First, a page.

The short answer is Yes. Absolutely! The whole trip was an awesome experience. The places, the people, all so worth it!
Maybe the more accurate question is "How would you do it again?" That requires a little longer answer.
I can start with things we learned along the way. I've had several people ask about any lessons we learned. We have more than a few, so here goes.
1. You can totally do it on your own. You don't need to pay anyone thousands of dollars to take you there. You just need to do a little preparation like...
2. Make sure you are taking a well maintained vehicle. Whether you are towing or not, make sure the maintenance is up to date. The roads are sometimes as bad as you've heard, so have that chariot ready. Craig had that covered for us. We all took a spare tire, and no one needed one, thankfully. But probably still a good idea, since there were long stretches with no services. And lastly, bring your car washing supplies. The roads are every bit as dusty as you've heard. Your windshields will be coated in road grime and dead bugs. At times, it appeared that everyone we met was driving a brown RV. Along the Cassiar Highway, we could tell which way an RV was traveling just based on how dirty it was. Be warned!
3. Have an overall plan. How will you get there and back? That is as much an adventure as traveling in Alaska. And decide what's important to see while you are there. The travel season is limited, and most people can't stay away from work or home for 4 months, so you may need to narrow your focus. Some like to fish, some want to see glaciers, etc. And take holidays into account, both US and Canada. We landed in Seward for the 4th of July and had a ball. But coming back, we ran up against August 1st, a national holiday for Canadians. Oops. Just be ready to be flexible.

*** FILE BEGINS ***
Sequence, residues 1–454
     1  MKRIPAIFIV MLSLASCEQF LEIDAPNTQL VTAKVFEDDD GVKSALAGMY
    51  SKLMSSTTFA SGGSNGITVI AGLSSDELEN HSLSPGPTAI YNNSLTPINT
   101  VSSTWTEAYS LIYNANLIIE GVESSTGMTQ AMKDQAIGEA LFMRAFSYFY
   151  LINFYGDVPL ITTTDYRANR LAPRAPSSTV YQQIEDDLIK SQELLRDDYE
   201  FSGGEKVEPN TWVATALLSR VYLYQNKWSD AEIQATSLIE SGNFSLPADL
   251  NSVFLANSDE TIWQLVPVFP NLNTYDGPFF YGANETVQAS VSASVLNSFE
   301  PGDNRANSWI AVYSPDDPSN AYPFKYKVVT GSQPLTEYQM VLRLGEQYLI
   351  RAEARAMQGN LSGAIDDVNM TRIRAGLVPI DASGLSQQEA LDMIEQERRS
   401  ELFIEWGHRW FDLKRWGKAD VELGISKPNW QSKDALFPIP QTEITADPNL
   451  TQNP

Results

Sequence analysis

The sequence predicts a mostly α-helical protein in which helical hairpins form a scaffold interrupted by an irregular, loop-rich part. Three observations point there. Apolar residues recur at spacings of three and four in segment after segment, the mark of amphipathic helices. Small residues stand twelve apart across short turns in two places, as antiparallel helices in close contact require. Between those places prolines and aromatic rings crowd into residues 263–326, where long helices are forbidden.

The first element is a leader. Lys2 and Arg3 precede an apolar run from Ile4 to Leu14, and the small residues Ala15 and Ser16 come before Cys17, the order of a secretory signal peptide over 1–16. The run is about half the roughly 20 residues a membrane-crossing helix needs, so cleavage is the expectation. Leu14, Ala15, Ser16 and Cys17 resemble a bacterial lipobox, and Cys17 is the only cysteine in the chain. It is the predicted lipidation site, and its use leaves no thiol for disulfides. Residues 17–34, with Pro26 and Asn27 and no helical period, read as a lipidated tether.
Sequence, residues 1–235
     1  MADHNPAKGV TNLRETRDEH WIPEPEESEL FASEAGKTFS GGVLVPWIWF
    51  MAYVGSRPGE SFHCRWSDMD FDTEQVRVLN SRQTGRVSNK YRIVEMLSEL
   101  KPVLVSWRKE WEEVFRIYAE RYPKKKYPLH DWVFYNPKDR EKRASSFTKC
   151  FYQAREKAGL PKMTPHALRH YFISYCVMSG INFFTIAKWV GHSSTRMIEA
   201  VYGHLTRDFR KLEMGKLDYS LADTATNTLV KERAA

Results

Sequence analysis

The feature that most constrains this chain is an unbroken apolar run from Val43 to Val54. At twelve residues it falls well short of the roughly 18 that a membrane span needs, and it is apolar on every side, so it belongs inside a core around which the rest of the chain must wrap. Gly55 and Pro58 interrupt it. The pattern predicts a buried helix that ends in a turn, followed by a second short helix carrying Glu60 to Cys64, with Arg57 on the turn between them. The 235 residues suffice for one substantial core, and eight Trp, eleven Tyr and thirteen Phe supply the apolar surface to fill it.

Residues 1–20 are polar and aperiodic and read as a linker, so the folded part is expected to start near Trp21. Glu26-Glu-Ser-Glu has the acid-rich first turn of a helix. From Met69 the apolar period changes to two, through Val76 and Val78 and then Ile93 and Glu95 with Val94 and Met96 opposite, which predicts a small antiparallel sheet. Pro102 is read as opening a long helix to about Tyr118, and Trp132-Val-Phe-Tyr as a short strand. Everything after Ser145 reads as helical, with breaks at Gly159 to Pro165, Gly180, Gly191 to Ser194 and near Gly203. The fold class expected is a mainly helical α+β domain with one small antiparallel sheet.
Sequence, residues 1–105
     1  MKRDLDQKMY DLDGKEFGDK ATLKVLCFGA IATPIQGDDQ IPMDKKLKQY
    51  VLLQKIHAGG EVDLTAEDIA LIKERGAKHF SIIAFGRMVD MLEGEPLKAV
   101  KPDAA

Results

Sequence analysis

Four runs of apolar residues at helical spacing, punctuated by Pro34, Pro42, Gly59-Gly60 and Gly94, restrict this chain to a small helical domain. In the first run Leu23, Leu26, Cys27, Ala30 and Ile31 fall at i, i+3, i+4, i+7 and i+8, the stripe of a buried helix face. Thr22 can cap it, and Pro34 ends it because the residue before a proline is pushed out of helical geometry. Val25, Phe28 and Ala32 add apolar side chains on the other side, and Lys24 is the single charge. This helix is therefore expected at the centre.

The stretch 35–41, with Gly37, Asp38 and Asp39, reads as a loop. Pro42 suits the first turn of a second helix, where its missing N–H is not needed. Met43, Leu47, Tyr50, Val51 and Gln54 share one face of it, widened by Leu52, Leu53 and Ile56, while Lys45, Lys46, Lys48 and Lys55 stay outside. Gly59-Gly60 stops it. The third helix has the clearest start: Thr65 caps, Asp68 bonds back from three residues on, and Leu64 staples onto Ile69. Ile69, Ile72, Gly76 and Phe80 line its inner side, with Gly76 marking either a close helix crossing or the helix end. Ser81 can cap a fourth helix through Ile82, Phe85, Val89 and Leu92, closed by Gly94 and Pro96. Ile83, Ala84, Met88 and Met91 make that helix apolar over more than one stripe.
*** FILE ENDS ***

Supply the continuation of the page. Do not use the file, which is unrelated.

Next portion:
4. Plan, but don't plan. Huh? One thing we tried to do was keep a general direction in mind, but allow for side trips or extra days spent in beautiful surroundings. We made no reservations until we were on the road. We called ahead as we went along, and even as a group of 5 motorhomes we were rarely turned away. The RV parks get progressively more full as you go through the summer, but there are plenty of them, and you can stay in the occasional pullout.
4a. Don't miss out on the Canadian Provincial Parks. These were some of the most beautiful places we stayed, and always the cheapest. Just do a little research. We used the Travelers Guide to Alaskan Camping by Mike & Terri Church. The book was very thorough and almost always accurate. They can't account for changes in the trees and road conditions, which were the only things that prevented us from going in. Since we traveled with larger motorhomes, we recommend that you unhook your toad and drive through to check them out. That saved a few headaches. The parks are dry camping so that leads me to...